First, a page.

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The old instruction/recipe booklet that came with my '60s Mirro-Matic pressure cooker has a recipe for squirrel.  I'd be happy to share with anyone who might be interested.  Betting it tastes like chicken, but the whole skinning and butchering thing is not for me.

Post# 1091325 , Reply# 61   9/30/2020 at 10:56 by SudsMaster (East of SF, West of Eden, California)        

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Last night I went to the compost bin, uncovered the latest addition, and it weighed in at about 1.5 lbs. So my estimate was pretty close.


I'm also not versed in gutting and butchering, but this one did look sort of tasty, LOL. Well, not any more.


I have several older copies of Joy of Cooking. The 1967 and 1975 editions have squirrel recipes, including how to skin and dress the meat. It cautions that gray squirrel is preferable to red squirrel for a less gamey taste. It is silent on the third major species, the Eastern Fox Squirrel.

Post# 1091348 , Reply# 62   9/30/2020 at 13:54 by Iheartmaytag (Wichita, Kansas)        
Grandma used to fix Fried Squirrel

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They were Old Hillbillies with 18 kids to feed, they would eat pretty much anything.

Post# 1091367 , Reply# 63   9/30/2020 at 15:27 by RP2813 (Sannazay)        

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Well, Kania seems like a sketchy operation.  There is no on-line ordering option, they seem not to have a presence on any other retailing platform, and after completing the "contact us" on-line form and clicking on "submit," a message pops up that says the contact feature isn't working.


I called Kania and got a recording with a female voice that confirmed I'd reached Kania, but advised that she -- like an individual -- was not available and to leave a message. 


I may have to settle for second best, as I have little confidence that I'll ever hear from this woman AKA Kania.




I submitted a "contact us" message on the web site for the lone U.S. distributor for Kania, where the model 2000 is shown as out of stock, but at least I might get some information about just what is up with Kania.  I also went back to the Kania site and used the "feedback" navigation to successfully send a message inquiring about availability for purchase.  We'll see whether either of these actions provides a path toward eventual and satisfyingly lethal squirrel abatement.


This post was last edited 09/30/2020 at 16:11
Post# 1091385 , Reply# 64   9/30/2020 at 17:18 by RP2813 (Sannazay)        

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I was astonished to receive a call from Calvin(?) from Kania within perhaps 30 minutes of making my edit to the post above.


I was truly disappointed to learn that Kania is in the process of moving production back to Canada (from where, I don't know) and that they are estimating that it will be one year before their traps will again be available.  They are taking names and numbers of all who are interested, but I can't wait that long.  I'll be checking ebay regularly, starting right now.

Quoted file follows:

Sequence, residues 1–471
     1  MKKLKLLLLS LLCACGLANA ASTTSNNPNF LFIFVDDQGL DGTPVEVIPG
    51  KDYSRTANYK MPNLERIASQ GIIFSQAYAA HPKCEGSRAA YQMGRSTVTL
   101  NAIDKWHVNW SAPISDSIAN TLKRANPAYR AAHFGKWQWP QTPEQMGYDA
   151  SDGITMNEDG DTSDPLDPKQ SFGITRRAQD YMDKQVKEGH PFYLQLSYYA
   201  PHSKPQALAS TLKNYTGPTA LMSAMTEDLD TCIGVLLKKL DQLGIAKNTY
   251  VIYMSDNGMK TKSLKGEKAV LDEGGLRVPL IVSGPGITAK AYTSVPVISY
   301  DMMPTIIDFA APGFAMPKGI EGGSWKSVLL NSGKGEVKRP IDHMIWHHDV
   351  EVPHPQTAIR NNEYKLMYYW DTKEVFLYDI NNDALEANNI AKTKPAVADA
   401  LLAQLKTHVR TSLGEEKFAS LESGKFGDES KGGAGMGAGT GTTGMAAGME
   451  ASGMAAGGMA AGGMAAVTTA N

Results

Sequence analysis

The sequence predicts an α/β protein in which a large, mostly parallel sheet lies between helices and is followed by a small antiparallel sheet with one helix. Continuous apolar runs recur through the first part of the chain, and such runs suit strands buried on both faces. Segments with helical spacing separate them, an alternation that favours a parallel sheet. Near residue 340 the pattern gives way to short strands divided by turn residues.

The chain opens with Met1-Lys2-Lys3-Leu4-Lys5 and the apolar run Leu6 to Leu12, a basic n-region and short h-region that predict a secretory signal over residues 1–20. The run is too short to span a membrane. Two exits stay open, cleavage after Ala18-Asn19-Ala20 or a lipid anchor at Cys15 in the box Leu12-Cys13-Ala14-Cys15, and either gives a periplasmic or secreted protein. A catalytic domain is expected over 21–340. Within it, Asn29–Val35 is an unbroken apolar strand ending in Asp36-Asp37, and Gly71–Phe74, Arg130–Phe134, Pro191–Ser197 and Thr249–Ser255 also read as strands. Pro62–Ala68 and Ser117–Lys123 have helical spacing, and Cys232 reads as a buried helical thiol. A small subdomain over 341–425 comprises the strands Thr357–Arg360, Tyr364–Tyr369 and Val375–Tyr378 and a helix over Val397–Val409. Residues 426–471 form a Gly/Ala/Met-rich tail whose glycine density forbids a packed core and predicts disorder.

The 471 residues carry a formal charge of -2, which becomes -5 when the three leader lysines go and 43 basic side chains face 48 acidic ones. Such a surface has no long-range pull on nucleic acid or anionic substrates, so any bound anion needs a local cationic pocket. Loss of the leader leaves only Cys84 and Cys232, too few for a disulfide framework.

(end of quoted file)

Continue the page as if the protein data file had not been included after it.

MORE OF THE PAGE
As far as alternatives go, the Koro is looking like it could be worth a try, and it's a whole lot cheaper than a Kania.

Post# 1091484 , Reply# 65   10/1/2020 at 10:35 by SudsMaster (East of SF, West of Eden, California)        

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Thanks for the info, Ralph.

I did send an email to my contact at Kania, asking if new 2000 traps were available, but have yet to receive a reply.

Post# 1091693 , Reply# 66   10/2/2020 at 17:07 by RP2813 (Sannazay)        

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I just placed an order for a "Little Killer" squirrel trap.  They are being marketed as a substitute for/variation on a Kania 2000. 


Per reviews, there's a durability problem but I doubt any issues would be a big deal to repair, and I'll place the trap where it's out of the elements.   I think I may only have two squirrels doing all the damage -- a grey one and a black one.  It'll be easy to determine if I bagged the right ones. 


I am SO looking forward to exacting swift justice.  I don't intend to stop at two victims, though.  I'll keep baiting and trapping until there are no more takers and do the whole neighborhood a favor.


The Koro trap I mentioned above requires augmentation to be effective, and per the less-than-optimum video reviews, seems difficult and dangerous to set, with multiple warnings about losing a finger.




Post# 1092085 , Reply# 67   10/5/2020 at 15:30 by twintubdexter (Palm Springs)        

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Make sure your new trap comes with instructions on skinning. People here like the idea of killing the occasional coyote that makes it's way back to it's original a Del Web's housing division or something similar. The coyotes were here tens of thousands of years before the houses, so were the squirrels. 

  View Full Size

This post was last edited 10/05/2020 at 19:06
Post# 1092087 , Reply# 68   10/5/2020 at 16:19 by RP2813 (Sannazay)        

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Yeah, if I were a fur trapper I might consider consumption.   I can't say skinning . . . er . . . appeals to me though.

Post# 1092666 , Reply# 69   10/10/2020 at 05:06 by askolover (South of Nash Vegas, TN)